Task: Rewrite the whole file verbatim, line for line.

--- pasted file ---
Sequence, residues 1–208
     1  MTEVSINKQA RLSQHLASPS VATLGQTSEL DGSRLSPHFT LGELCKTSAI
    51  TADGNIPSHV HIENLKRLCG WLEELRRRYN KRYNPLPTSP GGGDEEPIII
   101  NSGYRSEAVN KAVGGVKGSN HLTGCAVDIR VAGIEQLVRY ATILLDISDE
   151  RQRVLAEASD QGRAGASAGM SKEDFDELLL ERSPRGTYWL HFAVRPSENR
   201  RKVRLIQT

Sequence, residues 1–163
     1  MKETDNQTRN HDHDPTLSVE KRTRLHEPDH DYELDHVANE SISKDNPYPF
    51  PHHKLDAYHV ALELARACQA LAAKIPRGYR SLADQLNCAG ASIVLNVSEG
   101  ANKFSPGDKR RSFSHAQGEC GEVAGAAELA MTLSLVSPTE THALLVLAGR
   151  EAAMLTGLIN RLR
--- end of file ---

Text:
Sequence, residues 1–208
     1  MTEVSINKQA RLSQHLASPS VATLGQTSEL DGSRLSPHFT LGELCKTSAI
    51  TADGNIPSHV HIENLKRLCG WLEELRRRYN KRYNPLPTSP GGGDEEPIII
   101  NSGYRSEAVN KAVGGVKGSN HLTGCAVDIR VAGIEQLVRY ATILLDISDE
   151  RQRVLAEASD QGRAGASAGM SKEDFDELLL ERSPRGTYWL HFAVRPSENR
   201  RKVRLIQT

Sequence, residues 1–163
     1  MKETDNQTRN HDHDPTLSVE KRTRLHEPDH DYELDHVANE SISKDNPYPF
    51  PHHKLDAYHV ALELARACQA LAAKIPRGYR SLADQLNCAG ASIVLNVSEG
   101  ANKFSPGDKR RSFSHAQGEC GEVAGAAELA MTLSLVSPTE THALLVLAGR
   151  EAAMLTGLIN RLR